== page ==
One of the luxuries that I have indulged in in the last one year is re-viewing classic films, re-reading my favorite books and catching up on my to-read and to-watch lists. It is a tragedy of our times that one rarely comes across new films which you finish watching and immediately go - “I need to watch this film again.”
Sujoy Ghosh’s Kahaani makes you feel that way. And I am not the only one who thinks so. More than professional film critics, it is the lay viewers and film buffs who are raving about this film and its maker. Every blogger worth his salt has been putting out a post on Kahaani, and I didn’t want to be left out. However, this post is not a review of the film, there are already way too many excellent commentaries on it out there, like Harsha’s review or Jayalaxmi’s look at Sujoy. Neither is it relevant whether you have or have not seen the film. If you have not seen it, you will want to see it after you read this, and if you have seen it, you will want to see it again after reading this post. This post is about the Rubik’s cube.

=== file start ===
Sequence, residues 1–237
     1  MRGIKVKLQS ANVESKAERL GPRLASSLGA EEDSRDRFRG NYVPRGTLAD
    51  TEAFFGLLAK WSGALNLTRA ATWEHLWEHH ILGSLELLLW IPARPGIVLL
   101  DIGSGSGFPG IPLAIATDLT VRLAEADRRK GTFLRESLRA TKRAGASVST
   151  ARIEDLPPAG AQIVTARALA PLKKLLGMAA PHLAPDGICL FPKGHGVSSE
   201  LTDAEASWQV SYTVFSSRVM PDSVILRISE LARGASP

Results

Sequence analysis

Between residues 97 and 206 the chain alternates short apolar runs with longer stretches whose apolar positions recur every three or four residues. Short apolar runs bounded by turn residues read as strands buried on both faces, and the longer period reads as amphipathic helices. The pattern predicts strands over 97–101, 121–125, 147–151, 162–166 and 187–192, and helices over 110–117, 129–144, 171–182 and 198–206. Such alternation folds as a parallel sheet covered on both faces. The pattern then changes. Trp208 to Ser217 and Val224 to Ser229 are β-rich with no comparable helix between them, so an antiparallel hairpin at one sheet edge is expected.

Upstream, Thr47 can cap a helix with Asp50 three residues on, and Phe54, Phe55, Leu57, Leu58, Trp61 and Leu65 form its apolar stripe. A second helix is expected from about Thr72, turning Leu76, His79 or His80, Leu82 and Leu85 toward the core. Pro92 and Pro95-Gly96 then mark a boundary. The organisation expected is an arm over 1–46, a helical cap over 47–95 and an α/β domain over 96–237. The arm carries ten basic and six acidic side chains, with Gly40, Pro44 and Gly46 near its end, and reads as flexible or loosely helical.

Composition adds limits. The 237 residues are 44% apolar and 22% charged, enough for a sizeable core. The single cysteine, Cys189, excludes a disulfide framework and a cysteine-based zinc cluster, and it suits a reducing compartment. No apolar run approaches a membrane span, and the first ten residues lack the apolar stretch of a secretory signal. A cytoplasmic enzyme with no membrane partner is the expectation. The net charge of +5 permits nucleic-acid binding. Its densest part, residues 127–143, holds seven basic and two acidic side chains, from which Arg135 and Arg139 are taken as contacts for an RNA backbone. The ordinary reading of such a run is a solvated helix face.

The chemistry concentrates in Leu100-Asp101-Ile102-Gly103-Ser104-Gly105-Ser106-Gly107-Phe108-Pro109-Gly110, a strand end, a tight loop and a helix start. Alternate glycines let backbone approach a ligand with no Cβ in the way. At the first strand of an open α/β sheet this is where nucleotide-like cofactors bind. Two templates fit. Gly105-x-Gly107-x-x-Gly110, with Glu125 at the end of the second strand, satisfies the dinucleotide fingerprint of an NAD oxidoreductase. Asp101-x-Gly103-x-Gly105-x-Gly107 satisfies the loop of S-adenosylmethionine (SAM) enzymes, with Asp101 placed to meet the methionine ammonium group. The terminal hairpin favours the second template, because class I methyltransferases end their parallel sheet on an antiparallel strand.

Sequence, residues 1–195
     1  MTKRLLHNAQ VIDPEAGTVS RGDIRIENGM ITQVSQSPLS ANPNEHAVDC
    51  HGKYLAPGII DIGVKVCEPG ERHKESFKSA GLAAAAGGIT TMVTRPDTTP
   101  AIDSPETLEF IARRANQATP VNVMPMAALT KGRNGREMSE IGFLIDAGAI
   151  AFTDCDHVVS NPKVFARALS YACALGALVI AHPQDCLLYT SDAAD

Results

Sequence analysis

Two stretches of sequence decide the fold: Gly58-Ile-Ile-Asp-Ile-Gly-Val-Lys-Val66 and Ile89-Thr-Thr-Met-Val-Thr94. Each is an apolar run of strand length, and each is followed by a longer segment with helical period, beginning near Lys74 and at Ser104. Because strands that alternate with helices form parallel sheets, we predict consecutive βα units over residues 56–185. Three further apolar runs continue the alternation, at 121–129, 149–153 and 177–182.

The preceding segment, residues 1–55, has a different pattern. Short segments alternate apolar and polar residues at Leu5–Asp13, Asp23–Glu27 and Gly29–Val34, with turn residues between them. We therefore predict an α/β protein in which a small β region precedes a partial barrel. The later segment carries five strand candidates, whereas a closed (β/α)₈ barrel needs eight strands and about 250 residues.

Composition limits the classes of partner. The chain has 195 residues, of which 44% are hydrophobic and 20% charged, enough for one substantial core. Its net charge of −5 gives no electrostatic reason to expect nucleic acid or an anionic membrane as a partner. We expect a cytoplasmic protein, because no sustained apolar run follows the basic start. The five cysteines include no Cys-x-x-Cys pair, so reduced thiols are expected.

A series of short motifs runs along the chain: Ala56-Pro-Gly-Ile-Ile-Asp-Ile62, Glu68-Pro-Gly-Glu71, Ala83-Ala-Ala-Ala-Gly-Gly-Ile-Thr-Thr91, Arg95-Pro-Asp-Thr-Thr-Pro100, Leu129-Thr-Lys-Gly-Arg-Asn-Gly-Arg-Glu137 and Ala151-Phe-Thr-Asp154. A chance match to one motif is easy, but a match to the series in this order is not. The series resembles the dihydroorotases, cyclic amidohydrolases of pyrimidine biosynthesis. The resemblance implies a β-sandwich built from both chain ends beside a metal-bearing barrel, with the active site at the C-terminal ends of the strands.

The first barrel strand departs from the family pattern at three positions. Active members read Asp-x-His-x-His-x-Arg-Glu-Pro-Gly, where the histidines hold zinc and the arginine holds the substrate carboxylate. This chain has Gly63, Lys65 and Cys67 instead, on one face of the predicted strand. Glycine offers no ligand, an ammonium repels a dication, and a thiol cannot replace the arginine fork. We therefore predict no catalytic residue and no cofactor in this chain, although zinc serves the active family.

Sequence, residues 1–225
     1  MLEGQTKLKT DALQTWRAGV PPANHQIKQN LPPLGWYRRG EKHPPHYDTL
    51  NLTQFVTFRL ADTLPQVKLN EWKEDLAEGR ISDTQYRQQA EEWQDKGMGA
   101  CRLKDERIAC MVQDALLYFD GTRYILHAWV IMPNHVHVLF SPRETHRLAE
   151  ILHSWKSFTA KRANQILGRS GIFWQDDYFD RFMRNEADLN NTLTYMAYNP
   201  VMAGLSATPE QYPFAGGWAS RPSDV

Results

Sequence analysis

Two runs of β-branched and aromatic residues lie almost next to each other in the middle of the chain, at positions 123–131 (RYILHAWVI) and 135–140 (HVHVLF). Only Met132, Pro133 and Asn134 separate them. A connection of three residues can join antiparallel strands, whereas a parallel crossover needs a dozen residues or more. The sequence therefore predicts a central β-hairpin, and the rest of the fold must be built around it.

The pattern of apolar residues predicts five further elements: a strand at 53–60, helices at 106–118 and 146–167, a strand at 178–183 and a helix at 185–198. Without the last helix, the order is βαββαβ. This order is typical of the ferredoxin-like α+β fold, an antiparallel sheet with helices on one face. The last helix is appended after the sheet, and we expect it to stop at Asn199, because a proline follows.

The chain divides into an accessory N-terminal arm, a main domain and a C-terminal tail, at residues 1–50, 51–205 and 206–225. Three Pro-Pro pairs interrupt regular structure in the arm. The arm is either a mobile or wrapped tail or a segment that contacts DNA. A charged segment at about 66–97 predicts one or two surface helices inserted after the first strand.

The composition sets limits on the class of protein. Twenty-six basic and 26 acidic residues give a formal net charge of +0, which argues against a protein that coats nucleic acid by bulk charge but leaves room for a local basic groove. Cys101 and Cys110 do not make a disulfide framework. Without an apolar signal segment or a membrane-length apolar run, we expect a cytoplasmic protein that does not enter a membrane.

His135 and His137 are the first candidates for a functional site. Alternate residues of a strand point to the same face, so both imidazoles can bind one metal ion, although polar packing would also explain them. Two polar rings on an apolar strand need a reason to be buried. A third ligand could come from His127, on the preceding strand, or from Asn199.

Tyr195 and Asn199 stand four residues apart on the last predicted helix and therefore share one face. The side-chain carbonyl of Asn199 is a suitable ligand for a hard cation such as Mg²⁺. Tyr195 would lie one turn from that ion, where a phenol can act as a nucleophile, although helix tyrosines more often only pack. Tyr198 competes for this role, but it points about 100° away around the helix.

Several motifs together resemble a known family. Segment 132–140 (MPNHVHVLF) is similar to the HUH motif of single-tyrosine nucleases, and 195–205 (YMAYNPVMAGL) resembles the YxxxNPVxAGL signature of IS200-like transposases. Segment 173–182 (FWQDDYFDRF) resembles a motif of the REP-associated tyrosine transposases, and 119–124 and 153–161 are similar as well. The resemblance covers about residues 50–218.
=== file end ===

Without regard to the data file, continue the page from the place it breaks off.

Just kidding, this is really about Kolkata. And Kolkata can put the Rubik’s cube to shame on any weekday afternoon. This post is about the Rubik’s cube that is Kolkata. The Kolkata that Sujoy turns into a cinematic feast through the eyes and ears of Setu on the camera, Namrata Rao on the rock & roll machine, and Allwyn Rego with the samples, sliders and occasional loops. The Kolkata that I grew up in, loved to a point where she became someone I could not bear to be around. The Kolkata that sways with new promises every time I return, promises that are tempting but not strong enough to hold me back. The Kolkata that makes your heart ache every time you cross the river to catch a train back or step out of the humid Dum Dum air into the aseptic airport lobby. The Kolkata that makes you want to watch Kahaani over and over again, not for its story or the acting, but for the colors, the light, and the sounds of perfect love.